TURKISH DELIGHT (TURK FRUIT), 1973, 112 min. Touching, hilarious, erotic and tragic, director Paul Verhoeven’s second feature film is a blunt look at romance and raw sexuality and the first of five film collaborations with actor Rutger Hauer. Based on the best-selling, semi-autobiographical novel by Jan Wolkers, this is the intimate saga of Danish sculptor Eric (Hauer) and his star-crossed affair with Olga (the debut of celebrated Danish star Monique van de Ven), a young upperclass girl. Interfering are Olga's overbearingly shrewish mother and Vonk's own omnivorous sexual desires as well as Olga's illness. A borderless masterpiece in which staccato twists from shocking sex and bodily fluids move to love and melodrama to the funny "man vs. zipper" scene. Echoes of Danish painters Rembrandt and Bosch are wonderfully shot by cinematographer (later-turned-director) Jan de Bont. Not an idealistic Hollywood love story, this film makes you scratch your head and wonder "What was so controversial about BASIC INSTINCT, again?" Voted Best Dutch Film of the Century at the 1999 Netherlands Film Festival and a 1974 Oscar Nominee for Best Foreign Film.



Saturday, March 3 – 7:30 PM

Double Feature:

ROBOCOP, 1987, MGM Repertory, 102 min. Peter Weller stars as a murdered Detroit police officer who is brought back to life as an unstoppable cyborg cop in director Paul Verhoeven’s action-packed satire of the future of corporate America. Nearly twenty years after its release, the film still packs an enormous punch with its savage violence and ferociously dark sense of humor. Several brutal scenes had to be trimmed to reportedly keep the film from garnering an X-rating for violence. With a terrific supporting cast including Nancy Allen, Kurtwood Smith, Ronny Cox and a brilliantly amoral Miguel Ferrer as the head honcho behind the RoboCop program. "Most thriller and special-effects movies come right off the assembly line. You can call out every development in advance, and usually be right. ROBOCOP is a thriller with a difference." – Roger Ebert, Chicago Sun-Times

FLESH + BLOOD, 1985, MGM Repertory, 126 min. It’s 1501, and the world is full of mercenaries, peasants and pestilence. True to it's title, Paul Verhoeven presents the darkest of ages, a brutally realistic story of the struggle for life, complete with rape, murder, starvation and the Black Death. Rutger Hauer, in one of his finest roles, portrays the leader of a band of mercenaries, who seeks revenge for a nobleman’s (the excellent Jack Thompson) betrayal by kidnapping and brutalizing his son's (Tom Burlinson) bride to be. Jennifer Jason Leigh shines as the strong willed Agnes. Based in part on unused material for the Dutch TV series "Floris," which Gerard Soeteman, Paul Verhoeven and Rutger Hauer collaborated on in 1969. Watch for the amazing performance by Susan Tyrell as an onlooker to one of the films most brutal and controversial scenes. The late Basil Poledouris contributes perhaps his best score. Although Verhoeven later denied any connection, some critics at the time of release pointed out allegorical similarities to Patty Hearst’s abduction by the SLA.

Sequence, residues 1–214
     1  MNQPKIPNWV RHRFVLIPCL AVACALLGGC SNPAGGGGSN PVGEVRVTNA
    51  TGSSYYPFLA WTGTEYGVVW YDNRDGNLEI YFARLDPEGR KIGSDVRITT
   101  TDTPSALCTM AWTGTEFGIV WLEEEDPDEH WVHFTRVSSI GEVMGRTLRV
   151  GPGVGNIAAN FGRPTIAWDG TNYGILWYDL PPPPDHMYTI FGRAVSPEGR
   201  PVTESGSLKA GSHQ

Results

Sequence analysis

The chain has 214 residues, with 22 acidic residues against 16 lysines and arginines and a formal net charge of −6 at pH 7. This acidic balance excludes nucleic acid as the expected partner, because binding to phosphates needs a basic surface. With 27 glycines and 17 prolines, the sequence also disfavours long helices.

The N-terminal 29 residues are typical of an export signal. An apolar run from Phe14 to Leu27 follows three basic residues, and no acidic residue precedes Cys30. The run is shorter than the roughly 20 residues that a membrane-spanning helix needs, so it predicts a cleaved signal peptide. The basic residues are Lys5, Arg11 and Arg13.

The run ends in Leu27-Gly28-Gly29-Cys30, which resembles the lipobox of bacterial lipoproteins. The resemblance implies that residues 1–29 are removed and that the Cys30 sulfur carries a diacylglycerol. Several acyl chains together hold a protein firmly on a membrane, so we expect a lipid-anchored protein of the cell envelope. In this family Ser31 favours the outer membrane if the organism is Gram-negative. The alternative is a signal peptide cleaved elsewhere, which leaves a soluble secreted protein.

Sunday, March 4 – 7:30 PM

Sneak Preview!

BLACK BOOK, 2007, Sony Picture Classics, 145 min. A relentlessly gripping thriller about the Dutch underground set in the Fall of 1944, the film marks master director Paul Verhoeven’s return to his native Netherlands revisiting the action-filled World War II subject matter of his 1977 Dutch drama SOLDIER OF ORANGE.  Based on true events that span nearly a year in the life of Rachel Stein (Carice van Houten), a young, pretty Jewish woman who falls for a high-ranking Gestapo officer (Sebastian Koch) while seeking revenge for her family's murders. Starring some of the Netherlands’ most impressive and celebrated actors, the multi-layered characters find themselves embroiled in a spider’s web of intrigue, treachery and betrayal.  BLACK BOOK is a highly stylized film suffused with the intense paranoia Verhoeven evokes so well, where friends and enemies blur together into an indistinguishable line. "The epic film is a high-octane adventure rooted in fact with a raft of arresting characters, big action sequences and twists and turns galore…" – Ray Bennett, The Hollywood Reporter Discussion following with director Paul Verhoeven.